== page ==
The announcement that the Supreme Court would hear Cap's case was not felt well everywhere. Chaney fumed at the entire decision as well as at the general situation. President Bush wasn't entirely very happy either. The Red Skull had effectively pulled down the pants of every neoconservative that had agreed to back the quasi-alliance, and with elections coming up quickly, both were certain that the hope that no one would ever vote Democrat again was beginning to clearly slip away.

"I can't believe they agreed to listen to that traitor's case," Chaney growled, "Next I suppose they'll say that the Geneva convention applies to our prisoners in Guantanamo, which we now have no other place to send them."

"The Court could still side with us," Bush commented, "I mean don't this mean that they just think it's necessary to look it over. Just to make sure."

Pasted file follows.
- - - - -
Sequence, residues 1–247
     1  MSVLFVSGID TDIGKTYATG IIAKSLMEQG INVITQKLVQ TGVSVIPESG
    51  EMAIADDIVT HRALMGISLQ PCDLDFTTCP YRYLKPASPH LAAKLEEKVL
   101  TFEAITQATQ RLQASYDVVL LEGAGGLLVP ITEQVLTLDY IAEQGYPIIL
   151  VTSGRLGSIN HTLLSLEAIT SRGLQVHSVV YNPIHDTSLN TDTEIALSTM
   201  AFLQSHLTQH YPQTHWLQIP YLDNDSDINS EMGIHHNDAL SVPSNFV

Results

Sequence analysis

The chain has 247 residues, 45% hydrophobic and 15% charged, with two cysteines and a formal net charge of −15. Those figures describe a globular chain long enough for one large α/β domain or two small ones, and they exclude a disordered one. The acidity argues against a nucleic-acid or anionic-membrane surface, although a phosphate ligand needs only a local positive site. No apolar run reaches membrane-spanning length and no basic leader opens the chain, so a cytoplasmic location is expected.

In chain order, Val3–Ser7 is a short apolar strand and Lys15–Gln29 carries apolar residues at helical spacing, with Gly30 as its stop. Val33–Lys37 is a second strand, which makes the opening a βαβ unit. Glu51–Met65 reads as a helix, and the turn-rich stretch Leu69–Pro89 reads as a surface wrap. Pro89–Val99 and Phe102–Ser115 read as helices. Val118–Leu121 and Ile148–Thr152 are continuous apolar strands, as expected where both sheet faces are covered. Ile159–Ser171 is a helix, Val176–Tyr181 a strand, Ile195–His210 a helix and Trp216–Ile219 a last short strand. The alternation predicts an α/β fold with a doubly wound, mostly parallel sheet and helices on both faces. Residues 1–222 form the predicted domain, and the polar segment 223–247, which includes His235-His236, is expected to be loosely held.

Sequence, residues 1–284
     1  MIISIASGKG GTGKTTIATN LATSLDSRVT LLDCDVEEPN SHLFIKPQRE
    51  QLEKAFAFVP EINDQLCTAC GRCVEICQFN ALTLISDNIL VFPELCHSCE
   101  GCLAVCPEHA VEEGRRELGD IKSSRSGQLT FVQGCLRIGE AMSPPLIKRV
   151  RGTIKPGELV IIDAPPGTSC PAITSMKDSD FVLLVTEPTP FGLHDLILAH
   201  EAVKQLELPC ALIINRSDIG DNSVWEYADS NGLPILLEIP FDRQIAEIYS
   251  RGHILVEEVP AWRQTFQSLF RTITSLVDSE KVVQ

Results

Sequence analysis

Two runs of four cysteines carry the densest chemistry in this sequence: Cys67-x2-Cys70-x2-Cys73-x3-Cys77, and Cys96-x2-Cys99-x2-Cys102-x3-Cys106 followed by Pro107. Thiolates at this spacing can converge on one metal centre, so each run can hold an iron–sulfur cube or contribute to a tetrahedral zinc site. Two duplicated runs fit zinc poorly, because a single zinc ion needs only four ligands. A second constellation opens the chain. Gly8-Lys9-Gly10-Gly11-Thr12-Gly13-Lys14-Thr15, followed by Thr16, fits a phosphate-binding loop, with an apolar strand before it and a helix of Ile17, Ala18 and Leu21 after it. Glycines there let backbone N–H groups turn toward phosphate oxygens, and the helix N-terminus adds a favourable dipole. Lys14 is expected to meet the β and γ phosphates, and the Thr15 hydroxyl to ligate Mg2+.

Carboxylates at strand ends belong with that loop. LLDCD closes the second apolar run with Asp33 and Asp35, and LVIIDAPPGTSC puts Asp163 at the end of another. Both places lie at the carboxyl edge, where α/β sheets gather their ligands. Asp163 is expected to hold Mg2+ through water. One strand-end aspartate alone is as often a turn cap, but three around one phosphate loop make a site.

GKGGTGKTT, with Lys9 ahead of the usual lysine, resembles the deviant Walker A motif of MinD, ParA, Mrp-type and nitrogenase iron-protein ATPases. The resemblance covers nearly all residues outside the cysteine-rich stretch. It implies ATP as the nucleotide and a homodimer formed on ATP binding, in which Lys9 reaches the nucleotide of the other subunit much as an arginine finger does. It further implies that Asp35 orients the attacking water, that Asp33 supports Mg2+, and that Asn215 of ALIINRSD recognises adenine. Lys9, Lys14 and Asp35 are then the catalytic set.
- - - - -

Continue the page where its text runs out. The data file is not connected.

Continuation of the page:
"They're not supposed to review what we're doing," Chaney growled, "They're supposed to be reviewing what those dumb ass liberals did in the past. They're supposed be reinforcing our decisions. That's what we've spent years trying to put like minded conservative judges up for nomination. So that they do what we say."

"But it would show him that he's wrong, that the people support the Registration Act," Bush commented.

"A lot of people are actually beginning to turn against the act," Chaney sighed, "The fact that Rogers never actually harmed anyone directly and the fact that we've been embarrassed by the Red Skull has made a lot of people simply back him. They don't want to support something that the media has told them is the Red Skull's fault."

"Can't we tell them that it isn't?" Bush asked, "I mean I know we're taking heat because of what the Skull did, but the Registration Act is totally different."

"We shouldn't be facing 'heat' to begin with," Chaney growled, "I have a bad feeling that everything we've tried to accomplish is about to be undone."

"All you need is a little faith," Bush said confidently, "God won't let evil win."

Avengers Tower

Steve waited patiently for a couple of days before Tony returned for anything truly serious. When he did, he was carrying a change of clothes. Steve looked at him with a rather confused look on his face.